4 Freshman Sophomore Junior Senior HS HS HS HS identifies and describes different types of characters (e.g., protagonist, antagonist, round, flat, static, dynamic) and analyzes the development of characters. analyzes the historical, social, and cultural contextual aspects of the setting and their influence on characters and events in the story or literary text. analyzes and evaluates how the author uses various plot elements (e.g., problem or conflict, climax, resolution, rising action, falling action, subplots, parallel episodes) to advance the plot and make connections between events. analyzes themes, tone, and the author s point-of-view across a variety of literary works and genres using textual evidence and considering audience and purpose. Character 29, 120, , 161:actions 131, appearance , flat/round , private thoughts 131, protagonist/antagonist 626, 660, reactions to 131, speech 130, static/dynamic 968, traits 287,311, ; Characterization , 968, direct 131, 144, 968, indirect 131, 144, 968; Protagonist 626, 660; Creating a character 217, 250, 387; Character analysis 30, 88, 162, 180, 187, 210, 276, 300, 326, 708, 859 Setting 127, , 166, 179, 186, , 426, 431, 977; Setting 74, 180, 195, 263 basic situation 32-33; climax 33, 34, 43, 258, 263, 627, 707, 857, 975; complications ; conflict 12, 29, 32, 73, 87, 210, 264, 570, 574, 626, 660, 707, 969; exposition 32-33, 420, 452, 626, 971; flashback 44, 113, 686, 971; foreshadowing 29, 46, 73, 788, ; resolution 33, 627; reversal 686, 707, suspense 73, 76, 87, 816, 834 Character 29, 32, 51, 107, 108, 680, 699, , 818; flat/round , 997; main 32, 119, 631, 741; motivation 94, 107, 111, 219, 699, 706, 714, 722, 727, 741; protagonist/antagonist 119; trait 818, 978; Characterization , 860, 996; direct/indirect , 996; Character analysis 108, 144, 274, 682, 742, 880, 890; Appearance of character 48, 108, 165; Creating a Character 97, 166, 289, 308, 320, 329, 430, 445, 509, 561, 575, 622, 631, 632, 642, 652, 669, 673, 696, 725, 815, 850, 875, 876, 888, 931, 946, 973, 981, 994, 1025, 1027, 1033, 1138, 1053, 1066, 1069, 1075, 1108, 1110, 1129, 1140, 1191; dynamic/static 876, 888, 981, 1191; flat/round 1191; stock 631; Characterization 313, 430, 605, 683, 759, 851, 888, 961, 973, 994, 1038, 1053, 1140, 1191 ;Character character 48, 130, , 573; analysis 167, 329, 474, 605, Sketch character 374, 416, 477, 649, 660, 671, 696, 712, 519, 879; Updating a character 725, 931, 973, 994, 1025, , 1140 Settings 29, 50-51, 67, 78, 155, 172, 179, 180, 181, 191, 192, 248, 259, 286, 303, 319, 366, 374; emotional effects 50-51; verisimilitude 50; Creating a setting 67, 155, 286, 304 Denotation 68, 997; Plot 32-33, 43, 66, 260, 304, 1002; basic situation 32-33, 998, 1003; climax 33, 41, 52, 631, 998, 1003; comedy 997, 1006; complications 32-33, 998, 1003; conflict 32, 34, 41, 66, 69, 78, 741, 1003; denouement 1003; foreshadowing 129, 146, 154, 179, 630, 843, 999; resolution 30,33, 43, 48, 741, 1003; suspense 8, 29, 259, 285, , 687, 818, 999, 1005; tragedy 686, 739, 741, 742, 878, 997, 1006 Setting 153, 166, 167, 289, 364, 539, 547, 575, 622, 642, 669, 683, 715, 724, 725, 727, 961, 973, 1033, 1093; Setting 153, 166, 167, 289, 364, 539, 547, 575, 622, 642, 669, 683, 715, 724, 725, 727, 961, 973, 1033, 1093, 1100, 1140, 1200 Climax 510, 888, 1087, 1191; Denouement 1192; Plot 153, 509, 605, 622, 725, 850, 994, 1038, 1197; Poetry 149, 746; Resolution 576, 961, 1140, 1199 Character 38, 105, 129, 139, 151, 152, 318, 333, 351, 369, 388, 389, 390, 451, 555, 579, 598, 831, 836, 858, 951, 993, 994, 995, 1009, 1013, 1016, 1049, 1069, 1090, 1099, 1170, 1191; Characterization 105, 175, 333, 369, 420, 450, 465, 500, 513, 823, 881, 1130, 1191; Setting 48, 390, 451, 606, 671, 673, 708, 720, 759, 807, 820, 836, 850, 854, 951, 962, 993, 995, 1013, 1016, 1023, 1024, 1042, 1048, 1-69, 1201; Character 50, 130, 152, 390, 450, 555, 579, 708, 858, 1049, 1090, 1130, 1173 (narrative, 4 January 06 mh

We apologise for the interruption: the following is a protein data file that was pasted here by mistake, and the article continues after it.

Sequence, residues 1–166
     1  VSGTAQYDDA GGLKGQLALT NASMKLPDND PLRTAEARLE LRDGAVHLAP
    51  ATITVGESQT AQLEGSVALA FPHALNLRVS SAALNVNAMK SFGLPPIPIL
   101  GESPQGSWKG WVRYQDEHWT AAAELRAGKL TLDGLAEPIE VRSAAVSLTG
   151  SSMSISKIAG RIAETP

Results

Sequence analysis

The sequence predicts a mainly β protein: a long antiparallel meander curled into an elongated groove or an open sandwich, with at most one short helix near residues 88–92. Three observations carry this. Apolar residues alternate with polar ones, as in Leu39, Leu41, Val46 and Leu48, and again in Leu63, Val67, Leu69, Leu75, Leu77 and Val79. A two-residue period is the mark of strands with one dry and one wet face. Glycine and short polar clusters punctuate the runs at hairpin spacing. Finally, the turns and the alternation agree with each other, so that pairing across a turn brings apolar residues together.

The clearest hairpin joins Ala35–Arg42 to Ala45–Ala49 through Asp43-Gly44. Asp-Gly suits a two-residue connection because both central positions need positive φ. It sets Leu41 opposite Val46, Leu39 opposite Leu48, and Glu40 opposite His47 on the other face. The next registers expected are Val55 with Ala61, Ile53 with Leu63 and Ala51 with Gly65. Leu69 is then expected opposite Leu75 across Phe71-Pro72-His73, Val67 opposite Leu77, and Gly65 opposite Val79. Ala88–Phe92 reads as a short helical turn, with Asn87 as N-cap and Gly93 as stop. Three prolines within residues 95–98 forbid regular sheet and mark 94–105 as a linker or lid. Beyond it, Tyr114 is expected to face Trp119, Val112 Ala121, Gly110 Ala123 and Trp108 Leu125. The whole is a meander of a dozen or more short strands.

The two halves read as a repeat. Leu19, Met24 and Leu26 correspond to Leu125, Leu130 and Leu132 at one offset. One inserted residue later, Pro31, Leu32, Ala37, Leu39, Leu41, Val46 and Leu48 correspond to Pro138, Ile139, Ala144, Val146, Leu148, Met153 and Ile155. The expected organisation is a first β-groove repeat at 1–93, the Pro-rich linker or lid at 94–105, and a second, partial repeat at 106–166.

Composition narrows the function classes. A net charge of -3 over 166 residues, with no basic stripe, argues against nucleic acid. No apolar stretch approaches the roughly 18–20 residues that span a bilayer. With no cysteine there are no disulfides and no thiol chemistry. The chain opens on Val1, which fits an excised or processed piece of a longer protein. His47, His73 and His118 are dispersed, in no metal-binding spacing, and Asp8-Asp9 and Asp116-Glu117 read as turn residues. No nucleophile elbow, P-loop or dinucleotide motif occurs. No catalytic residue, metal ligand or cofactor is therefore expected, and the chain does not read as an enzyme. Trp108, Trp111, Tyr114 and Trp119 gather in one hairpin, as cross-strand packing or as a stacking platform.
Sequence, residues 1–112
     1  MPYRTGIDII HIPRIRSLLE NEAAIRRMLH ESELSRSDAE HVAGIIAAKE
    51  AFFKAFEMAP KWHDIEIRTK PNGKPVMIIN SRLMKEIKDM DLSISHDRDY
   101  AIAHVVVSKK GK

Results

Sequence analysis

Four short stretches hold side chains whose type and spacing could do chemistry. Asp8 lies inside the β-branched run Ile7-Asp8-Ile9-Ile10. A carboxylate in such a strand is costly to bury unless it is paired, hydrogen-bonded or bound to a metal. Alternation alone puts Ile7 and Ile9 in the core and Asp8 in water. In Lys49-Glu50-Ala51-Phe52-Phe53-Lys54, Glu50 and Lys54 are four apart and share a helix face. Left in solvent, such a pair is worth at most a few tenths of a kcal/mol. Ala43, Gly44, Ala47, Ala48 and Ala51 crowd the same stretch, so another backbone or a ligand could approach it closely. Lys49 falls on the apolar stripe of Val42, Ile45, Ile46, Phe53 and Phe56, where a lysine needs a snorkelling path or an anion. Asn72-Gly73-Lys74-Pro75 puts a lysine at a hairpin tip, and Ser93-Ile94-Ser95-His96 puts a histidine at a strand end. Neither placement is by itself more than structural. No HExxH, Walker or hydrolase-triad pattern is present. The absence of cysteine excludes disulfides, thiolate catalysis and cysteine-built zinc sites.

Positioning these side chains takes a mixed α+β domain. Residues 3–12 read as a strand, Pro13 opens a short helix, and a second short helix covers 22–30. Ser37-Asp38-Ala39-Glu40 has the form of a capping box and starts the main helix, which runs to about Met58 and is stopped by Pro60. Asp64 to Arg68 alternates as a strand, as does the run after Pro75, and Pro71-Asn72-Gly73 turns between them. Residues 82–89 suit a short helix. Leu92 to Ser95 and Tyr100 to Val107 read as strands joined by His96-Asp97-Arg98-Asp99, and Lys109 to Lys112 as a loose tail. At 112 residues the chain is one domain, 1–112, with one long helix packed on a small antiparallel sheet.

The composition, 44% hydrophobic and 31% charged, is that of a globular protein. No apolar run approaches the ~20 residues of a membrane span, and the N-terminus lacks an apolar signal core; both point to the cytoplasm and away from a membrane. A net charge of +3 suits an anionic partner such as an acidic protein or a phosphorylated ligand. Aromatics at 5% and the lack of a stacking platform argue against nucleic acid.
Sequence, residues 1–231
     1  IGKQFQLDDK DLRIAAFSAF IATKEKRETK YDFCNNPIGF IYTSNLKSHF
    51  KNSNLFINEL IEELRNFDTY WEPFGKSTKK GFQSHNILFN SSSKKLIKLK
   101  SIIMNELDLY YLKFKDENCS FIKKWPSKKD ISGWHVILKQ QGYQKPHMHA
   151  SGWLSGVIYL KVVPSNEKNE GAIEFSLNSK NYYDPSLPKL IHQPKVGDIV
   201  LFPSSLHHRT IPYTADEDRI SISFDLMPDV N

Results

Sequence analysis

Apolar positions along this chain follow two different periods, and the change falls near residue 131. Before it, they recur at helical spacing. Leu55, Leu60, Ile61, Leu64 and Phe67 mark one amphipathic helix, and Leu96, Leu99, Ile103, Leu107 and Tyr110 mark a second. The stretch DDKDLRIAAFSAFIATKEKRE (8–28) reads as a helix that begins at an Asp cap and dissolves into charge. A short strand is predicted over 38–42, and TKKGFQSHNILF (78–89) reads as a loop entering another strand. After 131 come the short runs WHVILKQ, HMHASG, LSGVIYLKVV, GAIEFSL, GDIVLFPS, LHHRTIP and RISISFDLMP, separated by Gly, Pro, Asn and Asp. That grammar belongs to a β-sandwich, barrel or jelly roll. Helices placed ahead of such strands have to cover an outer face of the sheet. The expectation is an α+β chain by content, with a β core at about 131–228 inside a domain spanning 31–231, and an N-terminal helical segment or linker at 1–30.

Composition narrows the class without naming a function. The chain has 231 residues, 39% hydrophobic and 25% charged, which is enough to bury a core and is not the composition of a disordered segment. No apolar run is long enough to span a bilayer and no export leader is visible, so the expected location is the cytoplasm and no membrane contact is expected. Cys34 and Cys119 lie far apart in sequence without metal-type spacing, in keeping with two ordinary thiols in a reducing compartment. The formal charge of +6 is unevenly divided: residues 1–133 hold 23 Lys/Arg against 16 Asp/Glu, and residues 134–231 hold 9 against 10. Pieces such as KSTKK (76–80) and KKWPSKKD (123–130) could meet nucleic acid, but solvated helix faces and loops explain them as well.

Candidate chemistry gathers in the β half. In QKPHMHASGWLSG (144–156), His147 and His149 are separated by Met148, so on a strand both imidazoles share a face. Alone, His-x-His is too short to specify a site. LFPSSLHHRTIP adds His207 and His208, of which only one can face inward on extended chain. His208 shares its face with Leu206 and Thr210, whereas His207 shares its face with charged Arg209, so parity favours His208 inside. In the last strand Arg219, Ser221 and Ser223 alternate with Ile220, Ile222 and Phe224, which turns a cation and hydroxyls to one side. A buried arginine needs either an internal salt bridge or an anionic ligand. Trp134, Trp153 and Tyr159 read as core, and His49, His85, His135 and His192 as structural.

5 Freshman Sophomore Junior Senior HS HS HS HS HS writing ( HS writing ( HS writing ( HS writing ( HS writing ( HS writing ( HS writing ( HS writing ( identifies, analyzes, and evaluates the use of literary devices (e.g., foreshadowing, flashback, irony, figurative language, imagery, symbolism, satire, allusion, paradox, dialogue, point of view, overstatement) in a text. recognizes ways that literature from different cultures presents similar themes differently across genres. compares and contrasts works of literature that deal with similar topics and problems. evaluates distinctive and shared characteristics of cultures through a variety of texts. Asserts an arguable proposition or opinion (thesis statement). (Ideas and Content: prewriting, drafting, revising: N,E,T,P) Selects and uses (1) personal experience (2) observations (3) prior knowledge (4) research important for the reader to reach a conclusion and use an appropriate point of view for the piece (e.g. first person in editorial). (Ideas and Content: prewriting, drafting, revising: N,E,T,P) Develops and differentiates details necessary to expand the main topic in a balanced format to support the writer s position. (Ideas and Content: prewriting, drafting, revising: N,E,T,P) Anticipates the reader s question(s) and provides balance with a counter-argument. (Ideas and Content: prewriting, drafting, revising: N,E,T,P) Builds a focused argument that uses logical thinking and appeals to reason, authority, and/or emotion. (Ideas and Content: prewriting, drafting, revising: N,E,T,P) Analyzes and understands implications and consequences of plagiarism (e.g. ethical, legal, professional). (Ideas and Content: prewriting, drafting, revising: N,E,T,P) Applies appropriate strategies to generate persuasive text (e.g. brainstorming, listing, webbing, working in pairs or cooperative groups, identifying information from print sources). (Organization: prewriting, drafting, revising: N,E,T,P) Writes a cohesive piece that includes (1) an introduction that engages the reader (2) a body that reinforces the writer s position through the logical placement of evidence (3) a conclusion that reinforces the thesis statement and the original position. (Organization: prewriting, drafting, revising: N,E,T,P) Allusion 967; Dialogue 242, 251; Figure of speech (figurative language) 103, 163, 327,365,509, ,528,590,860,925,971; Firstperson point of view 218, 975; Flashback 44,113,686,971; Foreshadowing 29,46,73,788, ; Ironic situation 202,209; Irony , 229, 241, 601, 604, ; Metaphor 103, 365, 424, 521, Allusion 128, 995; Atmosphere 50, 172, 180, 995; Dialogue 79, 80, 109, 167, 381; Irony , 206, 232, 389, 406, 415, 456, 465, 601, 699, 706, 741, 878, 1000; dramatic , 538, 558, 590, 596, 860, 861, 971, 389, 706, 1000; situational 194, 973; assonance 566, 967; imagery 389, 1000, verbal 194, 699, 356, , 538; Satire 132, 141, 1000; Satire 195, 232, 456, 465, 977; plot 32-33, , 1004 Allusion 35, 39, 46, 47, 83, 105, 186, 670, 1159, 1189; Dialogue 510, 569, 575, 576, 683, 851, 888, 973, 994, 1013, 1027; Point of view 232, 247, 280, 309, 320, 329, 358, 467, 474, 712, 713, 745, 1140, 1198; Satire 50, 55, 166, 631, 962, 1200; Satire 50,55,166,631, 962, 1200; Symbolism 193, 214, 281, 309, 320, 329, 533, 742, 770, 796, 1202; Tone 50,55,97,166,174,179,288,3 08,355,358,364,366,379,382,384,391,395,396,561,563,5 66,576,577,579,605,622,649,696,701,742,745,764,768,7 74,777,786,797,799,888,954,973,1004,1007,1011,1053,1 066,1075,1091,1040,1147,1 165,1203 (narrative, 5 January 06 mh